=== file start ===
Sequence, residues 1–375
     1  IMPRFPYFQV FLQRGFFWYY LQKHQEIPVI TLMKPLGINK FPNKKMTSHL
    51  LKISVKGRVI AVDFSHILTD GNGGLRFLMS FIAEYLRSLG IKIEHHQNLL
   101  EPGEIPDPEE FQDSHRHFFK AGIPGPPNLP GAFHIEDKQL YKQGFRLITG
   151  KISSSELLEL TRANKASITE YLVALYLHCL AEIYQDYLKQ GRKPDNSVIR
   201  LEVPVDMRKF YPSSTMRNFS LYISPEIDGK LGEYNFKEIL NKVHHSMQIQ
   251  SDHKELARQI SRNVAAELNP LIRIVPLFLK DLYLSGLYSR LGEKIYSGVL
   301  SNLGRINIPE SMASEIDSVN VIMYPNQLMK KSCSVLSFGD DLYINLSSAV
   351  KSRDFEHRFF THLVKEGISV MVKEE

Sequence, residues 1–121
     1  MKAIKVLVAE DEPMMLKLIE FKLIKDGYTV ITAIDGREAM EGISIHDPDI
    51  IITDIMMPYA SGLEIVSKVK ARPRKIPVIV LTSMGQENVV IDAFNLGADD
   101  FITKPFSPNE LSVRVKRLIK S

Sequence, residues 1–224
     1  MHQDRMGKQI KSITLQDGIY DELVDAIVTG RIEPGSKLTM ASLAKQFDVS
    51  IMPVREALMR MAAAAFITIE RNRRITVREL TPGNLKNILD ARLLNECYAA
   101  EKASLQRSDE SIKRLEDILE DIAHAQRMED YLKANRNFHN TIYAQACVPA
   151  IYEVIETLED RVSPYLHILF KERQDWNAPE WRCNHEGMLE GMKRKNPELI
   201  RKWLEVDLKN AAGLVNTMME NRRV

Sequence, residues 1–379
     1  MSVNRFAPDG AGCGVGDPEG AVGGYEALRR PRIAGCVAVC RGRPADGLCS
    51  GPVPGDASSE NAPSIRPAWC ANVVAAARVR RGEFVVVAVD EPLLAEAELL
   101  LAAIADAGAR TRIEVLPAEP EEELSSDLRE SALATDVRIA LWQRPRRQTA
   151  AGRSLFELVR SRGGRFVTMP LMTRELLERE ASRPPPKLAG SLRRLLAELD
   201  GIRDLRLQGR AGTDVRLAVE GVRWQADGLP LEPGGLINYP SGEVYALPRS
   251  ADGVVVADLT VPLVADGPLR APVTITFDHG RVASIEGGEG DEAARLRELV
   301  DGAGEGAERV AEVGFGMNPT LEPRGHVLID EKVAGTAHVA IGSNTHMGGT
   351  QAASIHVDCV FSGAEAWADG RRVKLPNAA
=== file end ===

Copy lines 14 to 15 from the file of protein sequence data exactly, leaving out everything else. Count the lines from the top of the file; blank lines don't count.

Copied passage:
Sequence, residues 1–224
     1  MHQDRMGKQI KSITLQDGIY DELVDAIVTG RIEPGSKLTM ASLAKQFDVS